There are opposing views about the status of layer IV in the primary motor cortex (area 4). Cajal described a layer IV in area 4 of adult humans. In contrast, Brodmann found layer IV in developmental but not in adult primates and called area 4 ‘agranular’. We addressed this issue in rhesus monkeys using the neural marker SMI-32, which labels neurons in lower layer III and upper layer V, but not in layer IV. SMI-32 delineated a central unlabeled cortical stripe in area 4 that corresponds to layer IV, which was populated with small interneurons also found in layer IV in ‘granular’ areas (such as area 46). We distinguished layer IV interneurons from projection neurons in the layers above and below using cellular criteria. The commonly used term ‘agranular’ for area 4 is also used for the phylogenetically ancient limbic cortices, confusing areas that differ markedly in laminar structure. This issue pertains to the systematic variation in the architecture across cortices, traced from limbic cortices through areas with increasingly more elaborate laminar structure. The principle of systematic variation can be used to predict laminar patterns of connections across cortical systems. This principle places area 4 and agranular anterior cingulate cortices at opposite poles of the graded laminar differentiation of motor cortices. The status of layer IV in area 4 thus pertains to core organisational features of the cortex, its connections and evolution.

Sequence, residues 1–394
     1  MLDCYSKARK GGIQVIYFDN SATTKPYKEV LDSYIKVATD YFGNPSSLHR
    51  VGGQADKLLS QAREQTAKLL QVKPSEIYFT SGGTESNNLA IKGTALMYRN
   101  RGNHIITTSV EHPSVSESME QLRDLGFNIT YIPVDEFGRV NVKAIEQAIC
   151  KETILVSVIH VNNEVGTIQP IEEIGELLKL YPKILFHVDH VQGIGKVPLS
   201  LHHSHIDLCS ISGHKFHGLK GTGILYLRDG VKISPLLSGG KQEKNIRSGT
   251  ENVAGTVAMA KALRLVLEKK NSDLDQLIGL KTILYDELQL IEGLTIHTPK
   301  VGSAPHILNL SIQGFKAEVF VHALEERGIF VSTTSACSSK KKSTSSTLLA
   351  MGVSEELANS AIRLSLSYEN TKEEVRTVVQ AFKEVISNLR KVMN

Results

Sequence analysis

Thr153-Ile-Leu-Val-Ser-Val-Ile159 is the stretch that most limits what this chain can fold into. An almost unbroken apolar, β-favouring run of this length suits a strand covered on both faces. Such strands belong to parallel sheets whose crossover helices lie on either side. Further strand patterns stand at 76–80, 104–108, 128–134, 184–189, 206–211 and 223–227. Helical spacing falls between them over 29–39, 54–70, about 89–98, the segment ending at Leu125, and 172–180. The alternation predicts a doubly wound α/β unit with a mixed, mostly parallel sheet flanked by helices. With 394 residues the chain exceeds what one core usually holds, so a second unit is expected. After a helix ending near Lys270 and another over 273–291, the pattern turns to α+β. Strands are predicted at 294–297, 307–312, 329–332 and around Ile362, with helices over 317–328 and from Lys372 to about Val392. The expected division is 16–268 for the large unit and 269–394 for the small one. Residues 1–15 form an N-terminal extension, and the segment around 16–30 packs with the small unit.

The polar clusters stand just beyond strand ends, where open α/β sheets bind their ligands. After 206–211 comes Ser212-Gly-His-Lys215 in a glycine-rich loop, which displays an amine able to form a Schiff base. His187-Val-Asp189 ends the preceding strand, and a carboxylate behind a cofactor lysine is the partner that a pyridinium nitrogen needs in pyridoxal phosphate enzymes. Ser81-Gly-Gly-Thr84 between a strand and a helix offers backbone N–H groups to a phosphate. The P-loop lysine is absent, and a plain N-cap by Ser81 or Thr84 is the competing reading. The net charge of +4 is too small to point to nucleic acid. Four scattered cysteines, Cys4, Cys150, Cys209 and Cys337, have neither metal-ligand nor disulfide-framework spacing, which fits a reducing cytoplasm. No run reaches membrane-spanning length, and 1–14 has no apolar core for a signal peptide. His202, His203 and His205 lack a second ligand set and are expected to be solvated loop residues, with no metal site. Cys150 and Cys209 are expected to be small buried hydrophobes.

There are opposing views of whether area 4 in adult primates has layer IV. In area 4 of the adult monkey, the molecular marker SMI-32 helped delineate a central unlabeled cortical stripe populated with small interneurons that corresponds to layer IV. The status of layer IV in area 4 pertains to core organisational features of the cortex, its connections and evolution.